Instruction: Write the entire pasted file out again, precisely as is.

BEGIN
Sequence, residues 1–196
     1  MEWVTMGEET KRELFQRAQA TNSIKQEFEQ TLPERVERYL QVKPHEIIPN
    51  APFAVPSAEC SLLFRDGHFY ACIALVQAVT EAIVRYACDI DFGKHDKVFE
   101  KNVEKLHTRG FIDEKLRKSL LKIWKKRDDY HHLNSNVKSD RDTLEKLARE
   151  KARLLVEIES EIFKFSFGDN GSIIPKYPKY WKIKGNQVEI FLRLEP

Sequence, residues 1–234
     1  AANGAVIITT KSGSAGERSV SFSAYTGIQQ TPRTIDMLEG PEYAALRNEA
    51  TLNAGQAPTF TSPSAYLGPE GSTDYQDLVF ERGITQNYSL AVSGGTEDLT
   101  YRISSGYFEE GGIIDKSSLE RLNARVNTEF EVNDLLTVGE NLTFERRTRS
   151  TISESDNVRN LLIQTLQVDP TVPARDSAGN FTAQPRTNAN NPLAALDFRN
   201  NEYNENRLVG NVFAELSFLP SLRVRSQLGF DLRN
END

Sequence, residues 1–196
     1  MEWVTMGEET KRELFQRAQA TNSIKQEFEQ TLPERVERYL QVKPHEIIPN
    51  APFAVPSAEC SLLFRDGHFY ACIALVQAVT EAIVRYACDI DFGKHDKVFE
   101  KNVEKLHTRG FIDEKLRKSL LKIWKKRDDY HHLNSNVKSD RDTLEKLARE
   151  KARLLVEIES EIFKFSFGDN GSIIPKYPKY WKIKGNQVEI FLRLEP

Sequence, residues 1–234
     1  AANGAVIITT KSGSAGERSV SFSAYTGIQQ TPRTIDMLEG PEYAALRNEA
    51  TLNAGQAPTF TSPSAYLGPE GSTDYQDLVF ERGITQNYSL AVSGGTEDLT
   101  YRISSGYFEE GGIIDKSSLE RLNARVNTEF EVNDLLTVGE NLTFERRTRS
   151  TISESDNVRN LLIQTLQVDP TVPARDSAGN FTAQPRTNAN NPLAALDFRN
   201  NEYNENRLVG NVFAELSFLP SLRVRSQLGF DLRN